Tue | Aug 14, 2018

Campion College reigns supreme

Published:Monday | November 17, 2014 | 12:00 AM
David Henry, vice-principal and dean of studies, Campion College, collects the trophy for the Top School in both CSEC and CAPE from Heather Murray, president of the Jamaica Association of Principals of Secondary Schools. - photos by Winston Sill/Freelance Photographer

Jodi-Ann Gilpin, Gleaner Writer

David Henry, vice-principal at Campion College, was not surprised when it was announced that the institution was again the top school in Jamaica in Caribbean Secondary Education Certificate (CSEC) and the Caribbean Advanced Proficiency Examination (CAPE).

"We intend to keep the trophy at Campion, and I am determined to make it happen," Henry told The Gleaner following the National Caribbean Examinations Council 2014 Awards Ceremony at St George's College in Kingston last Friday.

"I must say, however, that we could not have done it without the help of our parents and the hard-working teachers. Everyone did their part. We have our down days, just like any other school, but I must commend the students, who displayed a positive attitude throughout the journey, and today, we are reaping the rewards," he said.

President of the Jamaica Association of Principals of Secondary Schools, Heather Murray, said she was pleased with the mixture of schools that were awarded.

"Every type of school was represented here today. I also admire the spirit that the students displayed. They were all cheering for each other, whether it's a traditional or non-traditional high school. Every student felt welcomed and appreciated. Over 60 schools were represented here today and this speaks volumes for the work that is being done in education," Murray told The Gleaner.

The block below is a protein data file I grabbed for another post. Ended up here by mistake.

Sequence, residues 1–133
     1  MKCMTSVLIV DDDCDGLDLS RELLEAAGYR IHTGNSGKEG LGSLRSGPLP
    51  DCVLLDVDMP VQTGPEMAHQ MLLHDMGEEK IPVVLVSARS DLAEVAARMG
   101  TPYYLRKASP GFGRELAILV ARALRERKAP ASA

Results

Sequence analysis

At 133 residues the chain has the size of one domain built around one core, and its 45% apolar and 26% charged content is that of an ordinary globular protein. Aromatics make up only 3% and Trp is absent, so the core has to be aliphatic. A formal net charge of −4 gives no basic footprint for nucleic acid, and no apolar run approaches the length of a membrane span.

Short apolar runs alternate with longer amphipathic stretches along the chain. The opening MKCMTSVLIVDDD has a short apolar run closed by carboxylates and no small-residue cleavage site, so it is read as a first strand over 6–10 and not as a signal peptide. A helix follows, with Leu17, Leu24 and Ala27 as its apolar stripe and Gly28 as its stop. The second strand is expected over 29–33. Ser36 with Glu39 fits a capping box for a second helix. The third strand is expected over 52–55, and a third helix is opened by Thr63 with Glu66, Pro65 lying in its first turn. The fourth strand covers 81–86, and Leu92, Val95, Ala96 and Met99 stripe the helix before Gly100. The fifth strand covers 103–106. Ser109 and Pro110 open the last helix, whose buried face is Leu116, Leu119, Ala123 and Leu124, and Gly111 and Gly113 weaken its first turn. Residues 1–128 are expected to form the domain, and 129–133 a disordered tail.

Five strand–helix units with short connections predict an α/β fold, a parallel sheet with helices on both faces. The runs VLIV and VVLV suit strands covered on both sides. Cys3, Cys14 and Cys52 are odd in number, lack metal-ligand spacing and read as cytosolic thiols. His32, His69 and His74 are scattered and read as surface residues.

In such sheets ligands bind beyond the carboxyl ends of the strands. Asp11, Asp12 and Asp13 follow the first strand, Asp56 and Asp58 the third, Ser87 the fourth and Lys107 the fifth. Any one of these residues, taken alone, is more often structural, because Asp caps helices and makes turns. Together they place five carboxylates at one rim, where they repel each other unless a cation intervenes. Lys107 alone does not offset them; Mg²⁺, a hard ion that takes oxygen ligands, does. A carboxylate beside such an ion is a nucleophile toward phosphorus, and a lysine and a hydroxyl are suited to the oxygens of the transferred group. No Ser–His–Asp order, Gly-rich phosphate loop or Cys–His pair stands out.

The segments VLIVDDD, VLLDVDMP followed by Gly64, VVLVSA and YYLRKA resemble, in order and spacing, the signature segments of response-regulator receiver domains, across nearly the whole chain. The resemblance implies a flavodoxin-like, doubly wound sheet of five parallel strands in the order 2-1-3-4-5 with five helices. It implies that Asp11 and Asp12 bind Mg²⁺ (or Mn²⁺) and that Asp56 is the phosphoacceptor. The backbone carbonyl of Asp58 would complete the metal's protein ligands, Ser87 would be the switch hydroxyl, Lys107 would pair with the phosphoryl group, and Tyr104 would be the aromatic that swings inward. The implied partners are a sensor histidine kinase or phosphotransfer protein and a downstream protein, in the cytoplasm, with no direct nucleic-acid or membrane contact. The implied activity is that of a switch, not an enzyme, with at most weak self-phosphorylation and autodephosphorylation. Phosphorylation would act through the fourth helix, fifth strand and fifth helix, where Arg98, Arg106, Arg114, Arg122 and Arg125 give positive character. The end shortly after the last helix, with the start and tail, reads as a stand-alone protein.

"This year we saw where schools did not only excel locally but in the region. We used to see other countries excelling, but this year, Jamaica was on top in 16 subjects and we have to applaud that and I'm looking forward to greater things," she said.


She also encouraged teachers to be persistent and make the students their priority.

"Teaching sometimes may be thankless, but it is never pointless, and so I say to teachers, 'Keep at it. If you are changing the life of one child, then you are making a difference'," she said.

Elaine Foster-Allen, permanent secretary in the Ministry of Education, charged students to be focused and to assist each other in their weak areas.

"We are here to celebrate our students and their achievements. We continue to work hard because we cannot become complacent. We remain confident that we will continue to make strides, especially as we embark on strengthening the balance between academia and the vocational areas because that is very important," she said.

"I also want to implore students not to use their success to look down on other students who might not have been recognised at this level. All of us at some point needed shoulders to lean on, and when we achieve our goals, we should try and become a shoulder to help someone else," Allen said.